By Michael Farrell, Supportive Housing Peer Support Specialist
I first started struggling with substance misuse as a teenager. Social settings often filled me with anxiety, so the moment I first felt the taste of hard liquor trickle down my throat and slowly work a warm buzz around my lanky, scared, and insecure teenage body, I felt like I had struck gold.
My weekends were instantly transformed from spaces of anxiety and dread to opportunities of binge drinking and partying, where I felt more relaxed and enjoyable to be around. Alcohol quickly and intensely became the most important ingredient of my weekend. What began as high school parties and stealing beer and liquor from neighbors’ garages morphed into regular blackouts, brutal hangovers, and surprising news of my actions the night before. I became a different person…someone I didn’t want to be.
Despite making my way through high school without any major breakdowns or explosions, my drinking caught up to me. It completely, utterly, entirely, and wholly consumed my mind. It became all I could think about and all I could look forward to. Even on days I wasn’t drinking, I couldn’t stop the consuming thoughts preoccupying my mind to plan my next opportunity to drink.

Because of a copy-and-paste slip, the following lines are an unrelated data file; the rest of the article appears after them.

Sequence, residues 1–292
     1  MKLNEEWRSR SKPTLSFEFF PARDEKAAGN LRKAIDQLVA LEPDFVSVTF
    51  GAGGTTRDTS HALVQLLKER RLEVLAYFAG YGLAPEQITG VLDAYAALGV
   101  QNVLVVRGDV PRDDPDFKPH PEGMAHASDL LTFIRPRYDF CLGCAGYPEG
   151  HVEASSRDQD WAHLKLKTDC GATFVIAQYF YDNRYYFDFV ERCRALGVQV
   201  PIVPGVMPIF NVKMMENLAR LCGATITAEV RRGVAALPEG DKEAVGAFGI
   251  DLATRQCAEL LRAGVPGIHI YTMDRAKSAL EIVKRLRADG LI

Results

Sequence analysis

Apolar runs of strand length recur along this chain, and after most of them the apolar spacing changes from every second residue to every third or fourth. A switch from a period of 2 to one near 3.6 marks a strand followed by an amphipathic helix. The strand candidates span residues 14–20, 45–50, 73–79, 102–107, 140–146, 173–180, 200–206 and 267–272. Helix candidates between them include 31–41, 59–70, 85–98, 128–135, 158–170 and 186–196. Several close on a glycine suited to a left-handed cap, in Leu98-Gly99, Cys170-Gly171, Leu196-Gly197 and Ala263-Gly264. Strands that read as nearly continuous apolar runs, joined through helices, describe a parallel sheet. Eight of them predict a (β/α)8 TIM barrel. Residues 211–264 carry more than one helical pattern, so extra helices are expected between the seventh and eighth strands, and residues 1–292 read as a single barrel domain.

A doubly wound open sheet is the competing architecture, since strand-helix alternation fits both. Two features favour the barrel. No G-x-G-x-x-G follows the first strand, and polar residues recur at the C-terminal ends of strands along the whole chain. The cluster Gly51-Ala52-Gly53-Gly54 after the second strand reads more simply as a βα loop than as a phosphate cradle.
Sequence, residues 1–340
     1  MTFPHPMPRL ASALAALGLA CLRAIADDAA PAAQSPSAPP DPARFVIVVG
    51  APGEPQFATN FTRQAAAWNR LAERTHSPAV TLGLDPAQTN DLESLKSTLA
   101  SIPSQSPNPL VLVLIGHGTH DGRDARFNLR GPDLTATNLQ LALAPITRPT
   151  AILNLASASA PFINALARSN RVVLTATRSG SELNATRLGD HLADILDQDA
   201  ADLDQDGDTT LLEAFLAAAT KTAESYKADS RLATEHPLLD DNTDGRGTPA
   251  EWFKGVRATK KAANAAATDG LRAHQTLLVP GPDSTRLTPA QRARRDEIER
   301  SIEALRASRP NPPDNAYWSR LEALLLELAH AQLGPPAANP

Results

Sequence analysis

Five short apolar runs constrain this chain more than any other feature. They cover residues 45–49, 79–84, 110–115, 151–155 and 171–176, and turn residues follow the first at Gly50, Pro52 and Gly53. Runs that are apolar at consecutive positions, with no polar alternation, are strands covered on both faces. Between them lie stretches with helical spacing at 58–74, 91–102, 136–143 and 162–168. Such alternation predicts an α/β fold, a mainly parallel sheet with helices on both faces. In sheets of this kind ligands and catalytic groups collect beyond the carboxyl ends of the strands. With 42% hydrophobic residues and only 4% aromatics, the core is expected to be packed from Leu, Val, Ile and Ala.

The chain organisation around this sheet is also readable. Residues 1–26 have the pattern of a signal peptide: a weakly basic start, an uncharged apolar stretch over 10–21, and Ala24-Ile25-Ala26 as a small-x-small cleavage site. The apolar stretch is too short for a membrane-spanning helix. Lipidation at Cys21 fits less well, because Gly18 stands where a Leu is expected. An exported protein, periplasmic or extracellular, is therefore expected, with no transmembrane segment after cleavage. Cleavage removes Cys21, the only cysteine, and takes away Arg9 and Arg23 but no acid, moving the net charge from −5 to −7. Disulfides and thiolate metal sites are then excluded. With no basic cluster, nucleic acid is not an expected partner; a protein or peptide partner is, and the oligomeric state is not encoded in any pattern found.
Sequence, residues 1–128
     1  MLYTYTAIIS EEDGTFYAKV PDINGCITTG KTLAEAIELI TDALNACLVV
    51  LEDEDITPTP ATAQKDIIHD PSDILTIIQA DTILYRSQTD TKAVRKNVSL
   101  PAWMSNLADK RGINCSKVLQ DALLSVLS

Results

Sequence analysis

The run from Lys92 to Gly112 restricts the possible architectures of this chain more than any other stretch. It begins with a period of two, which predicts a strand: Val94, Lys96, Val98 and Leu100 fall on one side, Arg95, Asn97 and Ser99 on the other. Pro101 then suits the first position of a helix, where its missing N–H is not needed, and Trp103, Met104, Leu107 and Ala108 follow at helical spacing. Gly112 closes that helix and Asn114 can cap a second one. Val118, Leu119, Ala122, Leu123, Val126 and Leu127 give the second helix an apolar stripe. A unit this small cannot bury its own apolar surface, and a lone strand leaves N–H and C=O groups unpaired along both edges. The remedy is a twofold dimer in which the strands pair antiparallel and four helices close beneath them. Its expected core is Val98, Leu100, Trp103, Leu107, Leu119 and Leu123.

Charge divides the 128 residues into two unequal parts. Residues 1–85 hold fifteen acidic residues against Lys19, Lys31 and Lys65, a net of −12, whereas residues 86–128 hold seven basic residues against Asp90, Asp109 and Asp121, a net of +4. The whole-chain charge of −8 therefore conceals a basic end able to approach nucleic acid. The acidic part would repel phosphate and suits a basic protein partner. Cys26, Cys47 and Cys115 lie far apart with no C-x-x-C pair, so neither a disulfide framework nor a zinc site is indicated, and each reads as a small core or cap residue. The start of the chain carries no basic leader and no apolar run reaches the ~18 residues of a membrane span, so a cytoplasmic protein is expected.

As years went on, I went through phases of attempting to control my drinking. Time and time again, I quit cold turkey only to give in as soon as the next easy opportunity arose. I began smoking weed in an effort to moderate the quantity I drank, which ultimately added weed to my already toxic relationship with substances. Simultaneously, I began experiencing heightened levels of anxiety, paranoia, and guilt, all of which led to more unhealthy substance use. I couldn’t escape the constant and obsessive rumination around drunk experiences as a teenager that filled me with immense shame, uncertainty, and guilt. While this increase in anxiety was not always directly linked with my substance use, the constant drinking and smoking wasn’t masking the emotions it once had the ability to.
When I was 20 years old, I had a drug experience that led me to a substance induced psychosis. I was so high that it felt like a switch flipped in my brain, resulting in terror, confusion, and a deep fear that filled every waking breath of mine. Upon coming down from this experience, I was convinced that I had irreparably damaged my brain. I remember walking into an emergency room to tell doctors that I was experiencing the effects of brain damage. I was offered anxiety medication and told that the high would wear off within a week or two. During this time, I remained heavily delusional and began experiencing severe and debilitating intrusive thoughts and images.
Searching for Help
Upon beginning therapy, I was told to stop drinking and smoking, and was strongly encouraged to begin treatment for anxiety. I was diagnosed with severe obsessive compulsive disorder. I later learned that I suffer from a lesser-known form of OCD, often referred to as “pure-o”, in which the obsessions and compulsions are mostly mental, and the intrusive thoughts and images can be extremely severe, graphic, violent, and sexual in nature.